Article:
The American Christmas Tree Association claims that 81% of American “Christmas trees” are artificial.
That’s a long way from where this tradition comes from.
Germanic pagans brought live Evergreen trees into their homes during the Winter Solstice in December to ward off the misfortunes of cold weather and celebrate their god, Yule. Even before, the Egyptians brought in green palms to symbolize the return of life from the darkest nights. Various similar traditions have been observed throughout history.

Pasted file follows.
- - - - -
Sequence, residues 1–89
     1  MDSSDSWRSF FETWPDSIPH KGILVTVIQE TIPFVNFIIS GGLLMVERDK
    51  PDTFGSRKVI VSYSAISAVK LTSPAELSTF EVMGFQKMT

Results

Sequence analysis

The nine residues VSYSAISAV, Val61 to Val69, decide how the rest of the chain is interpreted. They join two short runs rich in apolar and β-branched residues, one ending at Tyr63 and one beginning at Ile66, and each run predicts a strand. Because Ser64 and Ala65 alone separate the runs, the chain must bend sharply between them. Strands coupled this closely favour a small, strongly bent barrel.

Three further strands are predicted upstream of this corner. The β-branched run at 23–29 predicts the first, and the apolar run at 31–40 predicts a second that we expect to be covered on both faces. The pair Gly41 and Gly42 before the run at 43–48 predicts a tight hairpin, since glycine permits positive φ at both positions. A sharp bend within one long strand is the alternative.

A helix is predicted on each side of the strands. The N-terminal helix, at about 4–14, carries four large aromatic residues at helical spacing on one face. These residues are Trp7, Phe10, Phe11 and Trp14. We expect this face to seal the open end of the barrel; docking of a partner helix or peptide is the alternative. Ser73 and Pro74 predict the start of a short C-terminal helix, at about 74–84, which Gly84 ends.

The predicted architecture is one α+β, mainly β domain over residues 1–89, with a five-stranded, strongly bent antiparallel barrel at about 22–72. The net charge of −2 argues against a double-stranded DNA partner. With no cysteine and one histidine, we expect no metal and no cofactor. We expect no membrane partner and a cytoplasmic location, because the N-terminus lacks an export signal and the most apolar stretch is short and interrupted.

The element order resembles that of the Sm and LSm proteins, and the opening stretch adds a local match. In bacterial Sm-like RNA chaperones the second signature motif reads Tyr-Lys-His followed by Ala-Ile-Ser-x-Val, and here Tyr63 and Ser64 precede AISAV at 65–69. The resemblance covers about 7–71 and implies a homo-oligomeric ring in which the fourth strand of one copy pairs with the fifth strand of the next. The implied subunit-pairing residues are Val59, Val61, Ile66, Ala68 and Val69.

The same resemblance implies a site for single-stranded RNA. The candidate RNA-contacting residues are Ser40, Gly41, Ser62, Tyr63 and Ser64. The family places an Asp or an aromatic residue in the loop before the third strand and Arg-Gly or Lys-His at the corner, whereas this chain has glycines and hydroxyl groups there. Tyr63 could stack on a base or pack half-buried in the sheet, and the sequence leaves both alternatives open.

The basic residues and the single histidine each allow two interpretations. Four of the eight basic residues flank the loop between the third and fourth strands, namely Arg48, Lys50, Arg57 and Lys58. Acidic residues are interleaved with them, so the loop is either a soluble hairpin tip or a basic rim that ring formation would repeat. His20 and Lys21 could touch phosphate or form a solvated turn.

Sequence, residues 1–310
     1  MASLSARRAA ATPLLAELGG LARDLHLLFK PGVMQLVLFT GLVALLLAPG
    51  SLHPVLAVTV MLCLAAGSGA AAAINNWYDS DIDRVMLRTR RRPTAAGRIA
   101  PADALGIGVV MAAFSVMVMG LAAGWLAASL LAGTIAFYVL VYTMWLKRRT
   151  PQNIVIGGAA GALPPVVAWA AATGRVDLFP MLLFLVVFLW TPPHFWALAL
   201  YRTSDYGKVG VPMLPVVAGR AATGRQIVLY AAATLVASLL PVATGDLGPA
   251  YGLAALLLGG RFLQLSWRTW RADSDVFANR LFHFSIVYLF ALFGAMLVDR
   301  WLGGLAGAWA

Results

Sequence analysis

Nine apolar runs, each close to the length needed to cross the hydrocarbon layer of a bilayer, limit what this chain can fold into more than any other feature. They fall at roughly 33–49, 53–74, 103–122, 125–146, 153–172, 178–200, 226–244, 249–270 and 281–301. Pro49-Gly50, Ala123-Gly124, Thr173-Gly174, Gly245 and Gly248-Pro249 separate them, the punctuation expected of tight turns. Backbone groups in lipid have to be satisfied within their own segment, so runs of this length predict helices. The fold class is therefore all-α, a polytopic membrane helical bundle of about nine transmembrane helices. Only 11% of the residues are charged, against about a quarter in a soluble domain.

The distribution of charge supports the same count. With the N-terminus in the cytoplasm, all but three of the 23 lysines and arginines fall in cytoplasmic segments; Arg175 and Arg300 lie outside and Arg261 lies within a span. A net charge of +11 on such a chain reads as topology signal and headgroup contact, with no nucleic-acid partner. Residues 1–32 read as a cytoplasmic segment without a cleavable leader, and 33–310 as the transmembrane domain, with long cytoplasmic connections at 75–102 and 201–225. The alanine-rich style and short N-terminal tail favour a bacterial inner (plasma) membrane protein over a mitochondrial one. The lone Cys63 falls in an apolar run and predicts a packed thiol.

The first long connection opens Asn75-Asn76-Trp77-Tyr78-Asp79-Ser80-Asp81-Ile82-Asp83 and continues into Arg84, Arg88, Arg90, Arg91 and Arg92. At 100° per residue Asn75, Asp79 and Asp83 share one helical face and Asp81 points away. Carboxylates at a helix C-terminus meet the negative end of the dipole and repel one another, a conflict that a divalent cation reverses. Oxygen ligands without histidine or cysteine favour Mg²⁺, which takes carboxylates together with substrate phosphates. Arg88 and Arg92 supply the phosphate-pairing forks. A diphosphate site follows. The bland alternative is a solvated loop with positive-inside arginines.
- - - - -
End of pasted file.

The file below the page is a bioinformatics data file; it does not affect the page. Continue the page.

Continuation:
Today, artificial trees are used to celebrate Christmas and find themselves in landfills after an average of around seven years, according to a report by the Greensburg Daily News. They claim that experts agree that artificial trees are not good for the environment and that Christmas tree farms have a positive environmental impact because they grow for seven years and absorb an incredible amount of CO2. Artificial trees cannot be recycled.
The original intention of this tradition was the celebration of life – the sight and smell – of a living green tree in the home that would signify greener days ahead.